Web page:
Two end-member approaches to three-dimensional (3-D) reservoir characterization modeling exist. The “Frankenstein” approach integrates hard and soft conditioning data while incorporating geologic concepts and interpretations to construct a highly detailed deterministic model. The Frankenstein approach focuses on what is known about the reservoir and is so named because construction of the model can be time-consuming, which can negatively impact project timelines, sometimes “killing” its creator. The “Gilligan” approach uses available data to build suites of models that are simple, and strives to address what is not known about the reservoir. Gilligan models are simplified, at least in the view of the Frankenstein modeler, and focus on quantitative characterizations of uncertainty.

Reservoirs commonly become more complex with new data from wells and production, a concept referred to here as “the Law of Increasing Reservoir Complexification.” The Law of Increasing Reservoir Complexification should influence earth modeling workflow choices.

Currently, the Gilligan probabilistic modeling approach is more commonly employed in early phases of projects. The appearance of overly complex Frankenstein models when probabilistic models are needed remains an ongoing problem. Mature reservoirs typically possess uncertainties that could influence business decisions and may warrant a Gilligan probabilistic approach as well.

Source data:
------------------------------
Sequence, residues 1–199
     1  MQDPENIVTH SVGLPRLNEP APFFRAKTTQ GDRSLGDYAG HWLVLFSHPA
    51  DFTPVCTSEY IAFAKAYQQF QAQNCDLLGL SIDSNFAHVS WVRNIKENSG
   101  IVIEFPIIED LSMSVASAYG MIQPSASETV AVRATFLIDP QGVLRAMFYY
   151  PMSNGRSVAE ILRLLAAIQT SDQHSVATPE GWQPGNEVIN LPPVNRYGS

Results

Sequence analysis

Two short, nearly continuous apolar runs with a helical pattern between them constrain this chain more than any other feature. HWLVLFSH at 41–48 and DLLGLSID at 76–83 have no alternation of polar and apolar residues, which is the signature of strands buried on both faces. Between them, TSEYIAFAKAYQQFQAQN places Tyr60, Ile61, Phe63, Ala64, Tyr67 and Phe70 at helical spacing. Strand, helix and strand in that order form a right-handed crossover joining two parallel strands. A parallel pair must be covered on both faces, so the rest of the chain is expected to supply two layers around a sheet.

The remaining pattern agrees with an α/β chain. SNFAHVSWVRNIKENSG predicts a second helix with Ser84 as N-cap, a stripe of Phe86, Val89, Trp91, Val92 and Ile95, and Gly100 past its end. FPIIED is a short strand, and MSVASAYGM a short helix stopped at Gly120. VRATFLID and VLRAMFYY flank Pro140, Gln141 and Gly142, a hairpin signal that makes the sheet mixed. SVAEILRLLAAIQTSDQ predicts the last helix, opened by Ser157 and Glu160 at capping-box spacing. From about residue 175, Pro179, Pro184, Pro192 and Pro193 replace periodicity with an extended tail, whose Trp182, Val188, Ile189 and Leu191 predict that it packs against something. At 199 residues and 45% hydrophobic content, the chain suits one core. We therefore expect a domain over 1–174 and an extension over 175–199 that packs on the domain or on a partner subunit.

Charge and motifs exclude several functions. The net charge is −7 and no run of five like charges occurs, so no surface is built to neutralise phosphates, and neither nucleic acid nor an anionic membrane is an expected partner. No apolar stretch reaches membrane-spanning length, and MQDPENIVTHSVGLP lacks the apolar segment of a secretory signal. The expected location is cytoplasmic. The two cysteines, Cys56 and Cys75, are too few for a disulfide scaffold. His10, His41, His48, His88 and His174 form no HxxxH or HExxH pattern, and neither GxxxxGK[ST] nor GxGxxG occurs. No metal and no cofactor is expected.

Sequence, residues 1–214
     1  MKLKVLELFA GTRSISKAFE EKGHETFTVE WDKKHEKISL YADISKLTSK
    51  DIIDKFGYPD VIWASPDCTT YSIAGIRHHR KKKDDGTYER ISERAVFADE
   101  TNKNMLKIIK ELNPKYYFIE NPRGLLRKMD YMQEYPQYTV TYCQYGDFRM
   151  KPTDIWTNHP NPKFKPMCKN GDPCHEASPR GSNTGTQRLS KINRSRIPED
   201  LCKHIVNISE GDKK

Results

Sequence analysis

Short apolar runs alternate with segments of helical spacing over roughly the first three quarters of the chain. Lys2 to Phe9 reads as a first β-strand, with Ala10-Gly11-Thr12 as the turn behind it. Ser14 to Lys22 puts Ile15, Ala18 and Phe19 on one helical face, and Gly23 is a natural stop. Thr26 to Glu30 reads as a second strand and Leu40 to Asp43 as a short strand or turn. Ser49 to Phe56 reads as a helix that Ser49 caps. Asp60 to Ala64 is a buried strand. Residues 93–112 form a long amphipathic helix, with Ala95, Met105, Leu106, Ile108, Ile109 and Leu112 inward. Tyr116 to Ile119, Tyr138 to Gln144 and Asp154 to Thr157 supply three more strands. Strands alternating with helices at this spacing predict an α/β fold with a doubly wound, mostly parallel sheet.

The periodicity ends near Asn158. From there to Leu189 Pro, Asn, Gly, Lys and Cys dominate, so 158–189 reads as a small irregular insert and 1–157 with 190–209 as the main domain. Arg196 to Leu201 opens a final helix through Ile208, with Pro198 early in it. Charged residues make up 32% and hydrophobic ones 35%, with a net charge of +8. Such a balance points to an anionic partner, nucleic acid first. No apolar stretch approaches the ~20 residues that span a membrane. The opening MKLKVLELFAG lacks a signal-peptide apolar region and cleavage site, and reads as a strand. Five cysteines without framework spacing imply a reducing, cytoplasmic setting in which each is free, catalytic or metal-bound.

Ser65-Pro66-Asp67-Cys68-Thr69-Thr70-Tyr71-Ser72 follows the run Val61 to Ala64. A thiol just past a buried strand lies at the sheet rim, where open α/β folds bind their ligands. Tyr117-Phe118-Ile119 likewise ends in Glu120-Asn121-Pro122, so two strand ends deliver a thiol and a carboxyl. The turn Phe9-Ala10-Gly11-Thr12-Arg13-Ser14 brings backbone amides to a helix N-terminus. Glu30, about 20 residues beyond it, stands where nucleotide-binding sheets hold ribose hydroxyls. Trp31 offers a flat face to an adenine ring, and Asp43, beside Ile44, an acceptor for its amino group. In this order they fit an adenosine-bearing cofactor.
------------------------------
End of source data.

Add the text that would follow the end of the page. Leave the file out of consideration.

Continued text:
No single recipe exists for choosing the best 3-D modeling approach: a fit-for-purpose or Goldilocks modeling approach should depend on business needs and requirements. Recognition that uncertainty is a fundamental and prevalent driver of business value for all reservoirs in all phases of development demands widespread adoption of probabilistic or Gilligan approaches.

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